Sverdlovsk Mixed Results in a Hotbed of Regional Autonomy
Robert G. Moser
NOWHERE WERE expectations for victory of reformist forces higher in December 1993 than in Sverdlovsk oblast. This native region of President Boris Yeltsin has been the most consistently proreform region in Russia outside of Moscow and St. Petersburg, providing Yeltsin with his highest level of support both in the June 1991 presidential election and the April 1993 referendum. 1 Sverdlovsk thus provided a best-case scenario for Yeltsin's constitutional project and the electoral fortunes of the reformers, particularly Russia's Choice. If they could not win in Sverdlovsk oblast, Yeltsin's homebase, they could not win anywhere.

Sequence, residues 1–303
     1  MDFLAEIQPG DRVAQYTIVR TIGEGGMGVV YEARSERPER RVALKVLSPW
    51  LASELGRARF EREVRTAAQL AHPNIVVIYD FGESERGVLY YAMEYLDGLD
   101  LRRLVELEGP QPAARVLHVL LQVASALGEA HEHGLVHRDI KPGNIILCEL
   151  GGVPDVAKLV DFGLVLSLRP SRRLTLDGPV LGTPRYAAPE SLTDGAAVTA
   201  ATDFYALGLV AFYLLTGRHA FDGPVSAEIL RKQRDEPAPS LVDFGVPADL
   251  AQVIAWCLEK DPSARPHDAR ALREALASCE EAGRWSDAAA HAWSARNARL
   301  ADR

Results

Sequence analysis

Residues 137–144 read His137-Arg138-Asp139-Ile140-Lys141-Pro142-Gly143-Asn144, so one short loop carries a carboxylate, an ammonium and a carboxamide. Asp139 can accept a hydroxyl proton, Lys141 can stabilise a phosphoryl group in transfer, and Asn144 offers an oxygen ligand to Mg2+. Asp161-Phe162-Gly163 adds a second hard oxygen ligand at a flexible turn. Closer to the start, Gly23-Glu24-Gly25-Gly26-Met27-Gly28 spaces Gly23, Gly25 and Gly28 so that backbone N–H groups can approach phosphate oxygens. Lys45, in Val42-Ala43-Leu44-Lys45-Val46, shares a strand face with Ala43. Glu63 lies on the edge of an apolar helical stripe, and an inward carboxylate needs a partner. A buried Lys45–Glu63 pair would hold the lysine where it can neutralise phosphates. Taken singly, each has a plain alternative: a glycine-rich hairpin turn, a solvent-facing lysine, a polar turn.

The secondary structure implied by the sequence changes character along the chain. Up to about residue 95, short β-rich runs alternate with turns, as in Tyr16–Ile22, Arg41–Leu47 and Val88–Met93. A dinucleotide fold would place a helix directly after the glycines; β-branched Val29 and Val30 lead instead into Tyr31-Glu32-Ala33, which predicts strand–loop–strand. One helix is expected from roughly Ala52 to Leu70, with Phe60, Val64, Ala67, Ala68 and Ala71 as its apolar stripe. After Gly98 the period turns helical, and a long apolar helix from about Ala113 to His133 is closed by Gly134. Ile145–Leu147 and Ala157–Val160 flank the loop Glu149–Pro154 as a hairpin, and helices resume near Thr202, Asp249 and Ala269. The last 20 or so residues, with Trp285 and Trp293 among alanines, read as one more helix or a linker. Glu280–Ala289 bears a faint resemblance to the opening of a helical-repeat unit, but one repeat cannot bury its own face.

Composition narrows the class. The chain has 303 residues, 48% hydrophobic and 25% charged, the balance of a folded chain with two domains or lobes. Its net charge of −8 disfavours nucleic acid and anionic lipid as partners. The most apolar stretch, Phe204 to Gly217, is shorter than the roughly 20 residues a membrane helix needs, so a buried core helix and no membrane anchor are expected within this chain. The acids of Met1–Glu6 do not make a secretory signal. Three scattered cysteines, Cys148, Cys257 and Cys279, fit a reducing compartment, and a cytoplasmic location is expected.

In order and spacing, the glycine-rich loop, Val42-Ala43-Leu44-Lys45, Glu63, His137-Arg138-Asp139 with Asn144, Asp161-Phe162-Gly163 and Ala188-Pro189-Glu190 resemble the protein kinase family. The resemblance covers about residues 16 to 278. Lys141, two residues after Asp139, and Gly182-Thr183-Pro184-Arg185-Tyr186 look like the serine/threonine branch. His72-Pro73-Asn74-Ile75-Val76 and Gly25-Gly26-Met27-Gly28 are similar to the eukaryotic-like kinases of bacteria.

By any numerical criterion, reformers won the 1993 elections in Sverdlovsk oblast. Russia's Choice gained the most votes in the party-list election with 25.2 percent of the vote, ten points higher than its national average. If one compares the percentages for all radical and moderate reformist blocs to the total for antireformist and centrist blocs, the reformers came out with a relatively comfortable victory. Reformist blocs gained a total of 52.6 per-____________________